The Virginia Supreme Court has decided to hear a case arguing poker as a game of skill after a Virginia poker room operator’s argument was dismissed by a circuit court judge who ruled that skill was involved in poker, but the outcome of poker hands is dependent more upon chance.
Charles Daniels ran a poker hall in Portsmouth for a number of years in the mid-2000s and donated a good portion of his proceeds to charities until the Poker Palace and several other rooms were shut down by Portsmouth Commonwealth Attorney Earle Mobley in 2010 for illegal gambling. Daniels filed suit claiming that poker is a game of skill and not gambling as defined by Virginia law which recognizes gambling as wagering on an outcome that is “uncertain or a matter of chance.”
Daniels enlisted the aid of the Poker Players Alliance (PPA) and Greg “FossilMan” Raymer, the World Series of Poker Main Event champion in 2004. Raymer, a renowned patent attorney who found professional poker more to his liking, provided the court with a 15-minute demonstration emphasizing a successful player’s actions involved in increasing his chances of winning. Chief among these are determining various odds instantaneously, reading body language of other players and hiding or subduing your own, and predicting the strategy of opponents to anticipate future moves.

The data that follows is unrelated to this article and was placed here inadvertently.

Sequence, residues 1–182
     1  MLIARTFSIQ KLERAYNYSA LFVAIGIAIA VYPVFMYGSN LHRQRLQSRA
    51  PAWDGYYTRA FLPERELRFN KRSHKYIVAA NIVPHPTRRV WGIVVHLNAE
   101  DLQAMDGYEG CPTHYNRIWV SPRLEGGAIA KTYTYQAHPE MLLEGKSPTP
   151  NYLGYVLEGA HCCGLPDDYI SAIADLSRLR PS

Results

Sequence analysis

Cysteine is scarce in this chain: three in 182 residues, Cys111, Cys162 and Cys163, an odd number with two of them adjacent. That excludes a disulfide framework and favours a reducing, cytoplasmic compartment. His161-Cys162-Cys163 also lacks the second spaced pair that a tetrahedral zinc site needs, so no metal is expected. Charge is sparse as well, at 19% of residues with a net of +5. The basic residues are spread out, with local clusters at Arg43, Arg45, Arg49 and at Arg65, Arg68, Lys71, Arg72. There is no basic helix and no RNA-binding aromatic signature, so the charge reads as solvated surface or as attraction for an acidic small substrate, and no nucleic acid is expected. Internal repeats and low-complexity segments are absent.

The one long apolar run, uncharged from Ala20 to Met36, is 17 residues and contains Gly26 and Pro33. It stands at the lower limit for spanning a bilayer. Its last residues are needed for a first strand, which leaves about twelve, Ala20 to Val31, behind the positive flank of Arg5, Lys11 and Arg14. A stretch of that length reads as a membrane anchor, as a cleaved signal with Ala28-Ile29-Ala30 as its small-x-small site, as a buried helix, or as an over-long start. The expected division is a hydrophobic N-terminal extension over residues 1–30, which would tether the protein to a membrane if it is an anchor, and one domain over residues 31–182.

Judge Thomas Shadrick was not fully swayed, ruling that skill does plays a role, but that chance is more predominant. A recent federal judge’s ruling in a New York courtroom that found poker is predominantly a game of skill–U.S. v. DiCristina–may bolster Daniel’s chances before the Virginia Supreme Court. However, the ruling in DiCristina is not binding in Daniels’ case and may face an appeal of its own.
Daniels will again be fortified by PPA attorneys and will argue two specific points before Virginia’s highest court–that Virginia’s law is unconstitutionally vague and not enforceable, and that skill overrides the element of chance.
Daniels ran his poker room from 2006 until 2010 and produced records before the circuit court last year showing that he gave 74% of his proceeds–about $700,000–to charities such as Portsmouth Catholic Regional School and the March of Dimes.